The six-figure investment will see Unilever acquire a minority share in the start-up. Other backers include Velocity Capital, a consumer technology fund co-founded by BMB founder and vice-chairman Bil Bungay.
The investment, through Unilever Ventures, is unusual as Snatch only officially launched last week and has not yet reached series A funding stage.
Snatch has so far signed contracts that will provide £15m worth of prizes, ranging from personalised Marmite jars to a full year of paid university fees. Other brands involved in the game include Topshop, Now TV and Just Eat, with more expected to follow.
The app – founded by chief executive Joe Martin, chief operating officer Jamal Hirani and chief marketing officer Phil Lloyd, who was previously head of advertising at Paddy Power Betfair – is targeting 100,000 users by the end of March.
In the game, players travel around via a real map to find parcels, which are retrieved in an augmented-reality interface similar to that of Pokémon Go. If a parcel is held by a player for long enough, it can be opened to claim a prize from one of the app’s partners – but, as the name suggests, parcels can be stolen by others.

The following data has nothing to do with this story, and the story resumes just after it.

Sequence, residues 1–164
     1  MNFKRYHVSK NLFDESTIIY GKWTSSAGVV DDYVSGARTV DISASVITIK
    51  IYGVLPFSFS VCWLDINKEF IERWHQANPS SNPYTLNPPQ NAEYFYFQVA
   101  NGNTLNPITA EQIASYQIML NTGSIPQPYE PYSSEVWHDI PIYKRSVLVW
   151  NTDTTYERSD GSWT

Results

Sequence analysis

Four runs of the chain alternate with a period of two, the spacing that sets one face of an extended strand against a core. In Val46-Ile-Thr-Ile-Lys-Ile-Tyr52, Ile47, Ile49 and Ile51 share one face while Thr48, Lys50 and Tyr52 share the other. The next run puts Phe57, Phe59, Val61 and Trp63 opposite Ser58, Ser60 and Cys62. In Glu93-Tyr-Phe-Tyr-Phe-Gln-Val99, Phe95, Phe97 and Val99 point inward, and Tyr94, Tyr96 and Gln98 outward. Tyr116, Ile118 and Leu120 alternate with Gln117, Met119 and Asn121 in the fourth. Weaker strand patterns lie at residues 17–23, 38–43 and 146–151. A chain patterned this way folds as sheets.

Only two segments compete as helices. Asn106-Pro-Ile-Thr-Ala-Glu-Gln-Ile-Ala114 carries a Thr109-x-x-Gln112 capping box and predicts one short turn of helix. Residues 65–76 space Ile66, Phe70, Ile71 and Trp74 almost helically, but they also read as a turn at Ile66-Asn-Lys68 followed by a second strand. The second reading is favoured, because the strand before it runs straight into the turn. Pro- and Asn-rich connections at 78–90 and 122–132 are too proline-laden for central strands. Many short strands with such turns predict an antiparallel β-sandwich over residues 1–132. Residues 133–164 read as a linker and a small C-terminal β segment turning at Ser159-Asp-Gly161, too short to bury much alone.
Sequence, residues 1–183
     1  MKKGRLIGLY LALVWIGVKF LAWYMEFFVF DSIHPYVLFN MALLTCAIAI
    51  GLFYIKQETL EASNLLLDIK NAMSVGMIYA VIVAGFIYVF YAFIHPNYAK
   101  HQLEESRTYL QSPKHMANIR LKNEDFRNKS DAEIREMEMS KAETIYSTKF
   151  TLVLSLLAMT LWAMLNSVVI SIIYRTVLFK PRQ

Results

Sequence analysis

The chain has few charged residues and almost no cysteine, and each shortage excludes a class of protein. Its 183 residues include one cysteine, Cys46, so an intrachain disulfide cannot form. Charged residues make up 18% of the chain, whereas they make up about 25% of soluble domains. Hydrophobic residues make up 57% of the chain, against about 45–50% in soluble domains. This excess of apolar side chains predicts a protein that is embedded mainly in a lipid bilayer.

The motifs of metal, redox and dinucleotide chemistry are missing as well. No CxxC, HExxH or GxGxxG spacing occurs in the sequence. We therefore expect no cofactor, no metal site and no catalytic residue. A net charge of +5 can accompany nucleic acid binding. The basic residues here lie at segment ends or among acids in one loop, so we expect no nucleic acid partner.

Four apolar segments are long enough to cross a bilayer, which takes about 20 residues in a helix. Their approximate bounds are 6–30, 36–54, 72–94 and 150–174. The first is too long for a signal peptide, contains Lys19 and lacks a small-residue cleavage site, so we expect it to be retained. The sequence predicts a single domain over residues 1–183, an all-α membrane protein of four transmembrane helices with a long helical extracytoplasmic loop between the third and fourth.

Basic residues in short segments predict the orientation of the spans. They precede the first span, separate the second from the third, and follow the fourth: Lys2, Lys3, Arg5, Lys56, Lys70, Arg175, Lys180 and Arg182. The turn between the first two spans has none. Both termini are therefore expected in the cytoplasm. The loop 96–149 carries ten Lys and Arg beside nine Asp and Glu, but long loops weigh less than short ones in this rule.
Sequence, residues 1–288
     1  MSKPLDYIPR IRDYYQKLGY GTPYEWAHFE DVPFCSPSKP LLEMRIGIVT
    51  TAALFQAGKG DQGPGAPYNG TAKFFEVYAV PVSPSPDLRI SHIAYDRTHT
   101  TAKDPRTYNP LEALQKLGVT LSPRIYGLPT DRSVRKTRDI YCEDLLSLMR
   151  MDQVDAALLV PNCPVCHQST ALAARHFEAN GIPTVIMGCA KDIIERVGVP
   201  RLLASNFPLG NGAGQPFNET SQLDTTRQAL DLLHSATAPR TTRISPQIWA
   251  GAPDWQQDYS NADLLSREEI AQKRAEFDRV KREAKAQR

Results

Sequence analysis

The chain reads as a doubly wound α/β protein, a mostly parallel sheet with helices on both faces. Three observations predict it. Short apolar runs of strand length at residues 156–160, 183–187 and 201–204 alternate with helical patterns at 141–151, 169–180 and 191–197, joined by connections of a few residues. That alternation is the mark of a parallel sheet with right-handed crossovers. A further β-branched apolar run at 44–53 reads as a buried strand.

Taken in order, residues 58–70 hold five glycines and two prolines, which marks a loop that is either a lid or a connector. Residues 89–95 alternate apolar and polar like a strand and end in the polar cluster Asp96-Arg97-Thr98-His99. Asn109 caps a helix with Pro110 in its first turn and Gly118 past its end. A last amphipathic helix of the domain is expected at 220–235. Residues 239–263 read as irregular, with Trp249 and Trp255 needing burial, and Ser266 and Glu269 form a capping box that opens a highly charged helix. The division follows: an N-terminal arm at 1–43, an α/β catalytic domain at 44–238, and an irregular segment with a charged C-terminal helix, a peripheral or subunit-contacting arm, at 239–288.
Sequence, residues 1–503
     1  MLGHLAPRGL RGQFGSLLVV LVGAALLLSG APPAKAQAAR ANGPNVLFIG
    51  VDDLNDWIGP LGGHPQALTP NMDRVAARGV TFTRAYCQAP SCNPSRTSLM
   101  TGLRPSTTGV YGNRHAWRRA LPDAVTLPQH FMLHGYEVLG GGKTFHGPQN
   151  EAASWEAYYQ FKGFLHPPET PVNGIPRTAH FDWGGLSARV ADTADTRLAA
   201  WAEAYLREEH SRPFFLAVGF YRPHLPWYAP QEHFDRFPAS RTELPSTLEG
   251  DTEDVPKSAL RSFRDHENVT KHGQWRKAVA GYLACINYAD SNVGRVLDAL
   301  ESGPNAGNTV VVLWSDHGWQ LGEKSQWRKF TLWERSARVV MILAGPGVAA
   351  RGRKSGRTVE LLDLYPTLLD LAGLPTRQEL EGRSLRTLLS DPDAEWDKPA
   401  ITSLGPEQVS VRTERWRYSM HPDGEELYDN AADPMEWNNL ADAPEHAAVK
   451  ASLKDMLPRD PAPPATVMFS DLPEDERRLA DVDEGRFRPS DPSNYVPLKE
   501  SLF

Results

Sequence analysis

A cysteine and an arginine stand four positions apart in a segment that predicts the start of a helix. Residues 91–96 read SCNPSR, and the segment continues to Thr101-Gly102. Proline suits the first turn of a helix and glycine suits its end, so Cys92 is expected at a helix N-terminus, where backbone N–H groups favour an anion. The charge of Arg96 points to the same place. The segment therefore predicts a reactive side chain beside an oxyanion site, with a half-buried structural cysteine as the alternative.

Lloyd said it is vital that Snatch is a game with an addictive element. "Snatching heightens the love of the game," he said. "Stealing is something we’ve been taught not to do but, in an environment like this, it’s quite fun."
Snatch will need to avoid the fate of Pokémon Go, which experienced a rapid decline in active users after an initial flurry of hype. Chapman Lee, creative technologist and interactive developer at SapientRazorfish, said Snatch is "something that has to be developed to do well", suggesting that elements such as leaderboards and stories could help it gain a following.
Lucky Generals worked on the brand positioning, creative design and comms for Snatch.
How to win gaming in marketing
The initial popularity of Pokémon Go, which broke download records on its release in July last year, inevitably had marketers wondering how its augmented-reality and location-based gameplay could be used to reach millennials sceptical of traditional brand communications.
But Nik Roope, executive creative director and co-founder of Poke, said other games need to be conscious of what went wrong. By mid-September, active users of Pokémon Go had fallen 80% from its peak in July. While it still has a decent following, it has been dubbed "Pokémon Gone".
Roope said: "Augmented reality is seductive. But you need an awesome product that stands out, a story and purpose that lines up. Pokémon Go had this and it still died quickly.
"Then you need to reach critical mass. Getting there can be expensive if you don’t have a mass of latent fans like Pokémon.
"Brands should be wary that there’s good innovation and bad innovation. If you’re not building meaningful connections, then what’s the point?"